Order a Repeat Prescription

Request Repeat Prescription Online

There is no requirement to register and sign in to order repeat medication. To comply with GDPR regulations this form does not store your information and therefore you must enter only the medication details you require for each order.

Your Repeat Medication

If you need regular medication and your doctor does not need to see you every time, you will be issued with ‘repeat prescription’. When you collect a prescription you will see that it is perforated down the centre. The left-hand side is the actual prescription. The right-hand side (re-order slip) shows a list of medicines that you can request without booking an appointment to see a doctor. Please tear off this section (and keep it) before handing the prescription to the chemist for dispensing.

Prescription ready

When emailed/posted? When Ready?
Monday before 6pm   Wednesday afternoon
Tuesday before 6pm  Thursday afternoon
Wednesday before 6pm         Friday afternoon
Thursday before 6pm            Monday afternoon
Friday before 6pm  Tuesday afternoon
Saturday Wednesday afternoon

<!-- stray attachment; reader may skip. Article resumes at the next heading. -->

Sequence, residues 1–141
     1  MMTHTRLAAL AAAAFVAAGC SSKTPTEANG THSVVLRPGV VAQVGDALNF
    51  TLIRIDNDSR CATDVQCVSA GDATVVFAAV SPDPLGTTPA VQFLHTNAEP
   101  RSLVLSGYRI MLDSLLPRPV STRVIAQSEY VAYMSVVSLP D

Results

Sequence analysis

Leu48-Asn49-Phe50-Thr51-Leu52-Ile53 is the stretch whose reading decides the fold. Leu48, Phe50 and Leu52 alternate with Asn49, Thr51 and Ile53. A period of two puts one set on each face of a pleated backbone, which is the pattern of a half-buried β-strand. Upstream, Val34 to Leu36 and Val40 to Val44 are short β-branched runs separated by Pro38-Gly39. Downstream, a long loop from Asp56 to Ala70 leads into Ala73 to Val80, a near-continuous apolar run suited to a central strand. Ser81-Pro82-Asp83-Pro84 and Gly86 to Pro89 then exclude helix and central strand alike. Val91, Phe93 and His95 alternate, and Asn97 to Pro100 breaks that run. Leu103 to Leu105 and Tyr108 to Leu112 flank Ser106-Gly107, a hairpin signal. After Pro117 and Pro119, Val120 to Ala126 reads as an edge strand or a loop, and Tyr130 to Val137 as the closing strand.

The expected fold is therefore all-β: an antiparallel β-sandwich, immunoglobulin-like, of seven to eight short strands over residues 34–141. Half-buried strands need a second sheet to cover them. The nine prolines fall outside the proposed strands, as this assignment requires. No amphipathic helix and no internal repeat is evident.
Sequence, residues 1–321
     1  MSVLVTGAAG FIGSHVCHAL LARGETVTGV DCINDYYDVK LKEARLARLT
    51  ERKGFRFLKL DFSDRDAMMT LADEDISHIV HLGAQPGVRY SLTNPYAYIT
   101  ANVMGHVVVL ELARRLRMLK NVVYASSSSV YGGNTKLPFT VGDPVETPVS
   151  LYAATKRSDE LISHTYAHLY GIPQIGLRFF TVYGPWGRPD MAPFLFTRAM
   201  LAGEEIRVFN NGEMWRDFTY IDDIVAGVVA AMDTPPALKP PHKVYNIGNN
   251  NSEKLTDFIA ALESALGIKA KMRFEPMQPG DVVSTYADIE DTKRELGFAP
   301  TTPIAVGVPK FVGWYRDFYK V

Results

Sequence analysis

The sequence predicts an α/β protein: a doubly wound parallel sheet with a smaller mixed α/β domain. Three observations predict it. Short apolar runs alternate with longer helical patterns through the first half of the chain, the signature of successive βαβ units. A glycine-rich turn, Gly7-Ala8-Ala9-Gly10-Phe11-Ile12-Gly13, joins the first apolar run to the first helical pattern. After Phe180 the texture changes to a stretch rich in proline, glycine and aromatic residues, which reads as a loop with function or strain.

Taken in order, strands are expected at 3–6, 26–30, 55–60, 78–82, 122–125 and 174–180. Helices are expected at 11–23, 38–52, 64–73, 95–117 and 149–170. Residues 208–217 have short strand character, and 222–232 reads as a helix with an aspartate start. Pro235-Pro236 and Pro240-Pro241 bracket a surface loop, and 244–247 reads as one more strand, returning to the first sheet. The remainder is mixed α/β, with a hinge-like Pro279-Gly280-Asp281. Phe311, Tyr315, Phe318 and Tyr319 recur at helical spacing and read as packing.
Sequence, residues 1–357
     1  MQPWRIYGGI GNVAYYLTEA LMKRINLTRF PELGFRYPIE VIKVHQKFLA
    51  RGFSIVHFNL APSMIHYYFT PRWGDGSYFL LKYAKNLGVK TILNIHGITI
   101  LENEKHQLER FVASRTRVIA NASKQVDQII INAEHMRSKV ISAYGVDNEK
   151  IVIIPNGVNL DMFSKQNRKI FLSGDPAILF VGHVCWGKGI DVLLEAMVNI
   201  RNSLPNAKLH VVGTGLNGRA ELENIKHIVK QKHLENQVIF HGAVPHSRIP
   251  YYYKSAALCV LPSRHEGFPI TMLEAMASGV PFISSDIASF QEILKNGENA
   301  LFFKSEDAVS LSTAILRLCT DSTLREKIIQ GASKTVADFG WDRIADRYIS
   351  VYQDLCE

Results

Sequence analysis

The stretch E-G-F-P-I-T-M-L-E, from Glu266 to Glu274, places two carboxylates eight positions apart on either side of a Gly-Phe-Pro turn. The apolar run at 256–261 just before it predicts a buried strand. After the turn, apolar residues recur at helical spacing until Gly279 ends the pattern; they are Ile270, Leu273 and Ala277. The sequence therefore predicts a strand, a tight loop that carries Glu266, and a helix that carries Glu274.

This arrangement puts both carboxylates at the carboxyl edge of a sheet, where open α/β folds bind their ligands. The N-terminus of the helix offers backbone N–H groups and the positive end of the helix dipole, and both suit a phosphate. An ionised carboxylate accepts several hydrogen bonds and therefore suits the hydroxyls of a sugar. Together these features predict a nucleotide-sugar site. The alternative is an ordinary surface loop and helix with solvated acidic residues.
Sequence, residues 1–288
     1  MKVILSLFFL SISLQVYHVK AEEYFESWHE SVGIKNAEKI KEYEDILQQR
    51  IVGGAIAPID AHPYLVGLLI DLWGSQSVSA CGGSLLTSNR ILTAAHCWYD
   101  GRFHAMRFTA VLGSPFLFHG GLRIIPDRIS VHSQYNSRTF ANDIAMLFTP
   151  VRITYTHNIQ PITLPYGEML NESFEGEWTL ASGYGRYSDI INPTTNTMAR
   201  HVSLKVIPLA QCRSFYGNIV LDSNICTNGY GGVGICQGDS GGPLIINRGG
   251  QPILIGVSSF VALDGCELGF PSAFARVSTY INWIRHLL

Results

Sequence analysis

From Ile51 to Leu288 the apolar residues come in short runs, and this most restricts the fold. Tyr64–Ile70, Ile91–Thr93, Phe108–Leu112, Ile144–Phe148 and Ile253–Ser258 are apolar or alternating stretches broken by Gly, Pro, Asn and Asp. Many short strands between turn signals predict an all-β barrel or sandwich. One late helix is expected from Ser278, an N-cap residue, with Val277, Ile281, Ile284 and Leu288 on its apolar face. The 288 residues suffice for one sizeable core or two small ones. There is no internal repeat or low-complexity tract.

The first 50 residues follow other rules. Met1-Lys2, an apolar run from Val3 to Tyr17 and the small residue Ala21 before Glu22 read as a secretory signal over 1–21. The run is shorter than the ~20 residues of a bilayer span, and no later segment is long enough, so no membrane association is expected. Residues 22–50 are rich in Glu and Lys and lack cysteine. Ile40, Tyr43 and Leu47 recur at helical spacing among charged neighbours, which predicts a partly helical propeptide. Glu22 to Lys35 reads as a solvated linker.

Sunday  Wednesday afternoon

Run out or just about to run out medication requests

Unfortunately a small minority of patients are repeatedly running out (or just about to run out) of their medication. ‘Urgent’ requests of this nature cause a great deal of disruption to the smooth running of the practice. Please be aware that such requests will be questioned very carefully by the reception staff and may well be refused by the GP. A record is kept of such requests.

If you forget to request a Repeat Prescription

If you forget to obtain a prescription for repeat medication and run out of important medicines, you may be able to get help from your pharmacy. Under the Community Pharmacy Scotland Unscheduled Care Scheme, pharmacists may be able to supply you with a further cycle of a previously repeated medicine without having to get a prescription from your GP. If you receive stoma products from your pharmacy or other suppler and/or receive suppose such as continence products and welfare food from community services, you should ensure you have sufficient supplies as you may encounter difficulties in obtaining these over public holidays, or when we are closed.

How to order your medication

In person

You can do this by returning the right-hand half of a previous prescription for the required medications, or by submitting a handwritten request. Do not order your medication before it is due as will not issue it.

Please place your request (blank forms are available if you do not have one) into the red box that is situated in the front vestibule area or post through our letter box if we are closed. 

By post

You can post your prescription re-order form or written request to us at the practice. You can include a stamped addressed envelope for return by post if you are unable to pick up your prescription from the surgery. (Please allow extra time for any possible delays with the postal service).

Pharmacy Ordering/Collection Service